We welcomed Chetan Venkatesh (@chetan_) into the BGLive Studios. Chetan is the founder and CTO of Atlantis Computing, as well as a two- (or three-?) time BriForum speaker.
We discussed some consumerization issues and how we came up with FUIT.
Brian: – so in our last twelve minutes here, let’s kind of shift gears, and get away from talking about VDI and IOPs, and user installed apps and that kind of stuff. Gabe, talk about the series of articles that you just started on consumerize IT. It’s our new FUIT series.
Gabe: So this is – when we started the talk about having a consumerization web site it was what, maybe May, somewhere in there, and the whole time we’re like man, we’ve got to go FUIT.com because this whole consumerization thing is about saying *** you to IT, and like so we have to go get this, and then we gotta have – maybe we make it – maybe we have two sites, maybe we have one site that is like articles and blog posting stuff, and we have FUIT.com that is all about screwing the man. How to actually say FU to IT and that kind of thing, and eventually we never really did get the go ahead to do that, and so what we decided to do is when we launched a consumerization web site, we would just have a little corner of it for the FUIT topic, and so that’s what we did.
We kind of started this, it's just a tag in our system. We can go to a tag landing page, and see everything that has this FUIT topic, and in there we’re gonna keep a list of all the different ways that people are circumventing IT policy. And so my, the very first post in there is an introduction like I just said, and the second post is about how people can use email or can get around their company’s corporate email restriction policy, people who we know, but may or may not be us.
And in those situations, the article that is up there specifically deals with a low, a very small mailbox size, a low attachment size and a very short retention period, and how all you have to do to circumvent that is to just set up a rule to direct all your email off to a Gmail account where you have tons of storage, and a 25 meg attachment, and it will retain that for as long as you want. And so, but we’ve done it in kind of a snarky way with a fake company, and we made an enemy called the Powers, and so the Powers will be our common enemy throughout all these FUIT posts that we do ongoing. I’m shooting for one a week.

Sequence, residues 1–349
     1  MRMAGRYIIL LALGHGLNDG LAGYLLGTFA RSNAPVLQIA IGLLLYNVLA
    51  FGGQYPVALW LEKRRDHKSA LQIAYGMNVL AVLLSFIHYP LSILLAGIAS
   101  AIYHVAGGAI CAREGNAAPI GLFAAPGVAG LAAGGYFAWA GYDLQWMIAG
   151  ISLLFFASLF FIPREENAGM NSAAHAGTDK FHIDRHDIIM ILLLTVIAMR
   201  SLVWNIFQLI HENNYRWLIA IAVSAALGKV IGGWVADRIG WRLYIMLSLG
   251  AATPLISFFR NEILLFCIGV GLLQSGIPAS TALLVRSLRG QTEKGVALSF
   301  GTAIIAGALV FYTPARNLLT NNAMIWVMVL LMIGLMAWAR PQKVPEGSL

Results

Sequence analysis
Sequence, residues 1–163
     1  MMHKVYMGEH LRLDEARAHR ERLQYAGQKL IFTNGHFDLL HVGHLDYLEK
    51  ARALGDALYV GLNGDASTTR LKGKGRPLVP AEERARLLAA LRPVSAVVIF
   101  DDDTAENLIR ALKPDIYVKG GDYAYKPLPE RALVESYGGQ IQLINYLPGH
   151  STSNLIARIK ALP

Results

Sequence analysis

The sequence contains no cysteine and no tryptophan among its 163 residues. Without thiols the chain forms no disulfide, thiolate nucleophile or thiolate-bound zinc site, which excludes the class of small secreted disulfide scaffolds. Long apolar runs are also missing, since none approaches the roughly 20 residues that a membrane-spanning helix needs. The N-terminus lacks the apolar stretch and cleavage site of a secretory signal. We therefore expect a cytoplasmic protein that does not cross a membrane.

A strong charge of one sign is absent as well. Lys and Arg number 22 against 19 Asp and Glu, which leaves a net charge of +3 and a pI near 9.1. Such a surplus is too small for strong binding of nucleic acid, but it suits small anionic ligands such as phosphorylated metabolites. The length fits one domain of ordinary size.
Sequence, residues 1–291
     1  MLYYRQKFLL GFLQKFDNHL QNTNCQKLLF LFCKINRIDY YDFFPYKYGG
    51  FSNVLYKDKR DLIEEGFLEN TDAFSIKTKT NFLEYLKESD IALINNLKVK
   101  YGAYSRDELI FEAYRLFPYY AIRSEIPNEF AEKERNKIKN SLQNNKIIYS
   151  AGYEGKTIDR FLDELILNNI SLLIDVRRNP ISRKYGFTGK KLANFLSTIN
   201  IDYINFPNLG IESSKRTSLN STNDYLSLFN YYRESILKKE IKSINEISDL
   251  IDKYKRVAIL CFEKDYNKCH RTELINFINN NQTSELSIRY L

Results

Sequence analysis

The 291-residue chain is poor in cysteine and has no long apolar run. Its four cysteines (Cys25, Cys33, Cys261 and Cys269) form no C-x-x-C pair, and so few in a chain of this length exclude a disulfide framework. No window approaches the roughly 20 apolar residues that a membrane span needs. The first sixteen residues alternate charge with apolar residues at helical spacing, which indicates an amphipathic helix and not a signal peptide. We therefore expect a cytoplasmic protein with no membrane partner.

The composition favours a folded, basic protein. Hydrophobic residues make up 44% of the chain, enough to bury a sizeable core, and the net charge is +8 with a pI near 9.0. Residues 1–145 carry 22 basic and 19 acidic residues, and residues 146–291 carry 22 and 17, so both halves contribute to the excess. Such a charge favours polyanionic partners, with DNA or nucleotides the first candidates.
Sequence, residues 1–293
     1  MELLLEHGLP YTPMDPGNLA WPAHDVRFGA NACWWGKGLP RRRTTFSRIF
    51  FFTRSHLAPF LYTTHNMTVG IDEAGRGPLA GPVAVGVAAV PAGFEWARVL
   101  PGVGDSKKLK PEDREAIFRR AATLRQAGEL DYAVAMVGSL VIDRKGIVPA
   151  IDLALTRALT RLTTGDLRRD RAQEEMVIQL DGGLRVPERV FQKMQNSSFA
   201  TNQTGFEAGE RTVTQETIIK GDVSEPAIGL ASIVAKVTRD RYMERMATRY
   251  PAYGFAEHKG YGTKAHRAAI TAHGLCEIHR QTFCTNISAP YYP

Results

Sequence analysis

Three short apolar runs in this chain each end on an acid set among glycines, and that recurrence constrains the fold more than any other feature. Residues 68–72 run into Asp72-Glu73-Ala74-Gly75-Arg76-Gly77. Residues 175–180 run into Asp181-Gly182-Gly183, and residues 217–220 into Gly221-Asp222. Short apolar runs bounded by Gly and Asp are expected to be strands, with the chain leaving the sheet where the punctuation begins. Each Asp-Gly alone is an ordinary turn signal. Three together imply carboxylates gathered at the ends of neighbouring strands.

Brian: And yeah, it’s funny. Where oh where did we get the ideas for having to get around an IT system? So because the idea is – because this is the whole thing on consumerzation anyway because a lot of people – as I started talking about consumerization, and saying that users can kind of do whatever they want, the audience that I talk to mostly is IT pros and desktop admins and people like, and there’s always some percentage in the audience who’s like ,no not happening, we’re in control, and I’m just thinking man if you think it’s not happening, that’s – you just don’t know.
Like I promise you it’s not even – and then we find also the people like in our case, this is where this whole FUIT thing comes from because they say well, you know, like at our company we have a SSL-VPN, but you have to have the right antivirus, and all this kind of stuff just to get your file shares and your file share and then you know what’s our solution? So we just use Dropbox, and they block Dropbox so you just type a proxy in Dropbox that we run from home. That’s –
Gabe: And we talked about it before too where you – when you joined Tech Target, and went to a San Francisco office, nobody even knew what HTTP over RPC or whatever the Outlook – using Outlook, pure Outlook without connecting the VPN. And nobody knew what that was, but we used it at the old company, and so you – we figured out how to set our Outlook up to connect via that, and then all of a sudden everybody – now nobody uses the VPN to connect to their email. And so all it takes is one person to do this, and then everybody does it. Once somebody discovers that all you have to do is drive around the security gate, then everybody is gonna drive around the security gate.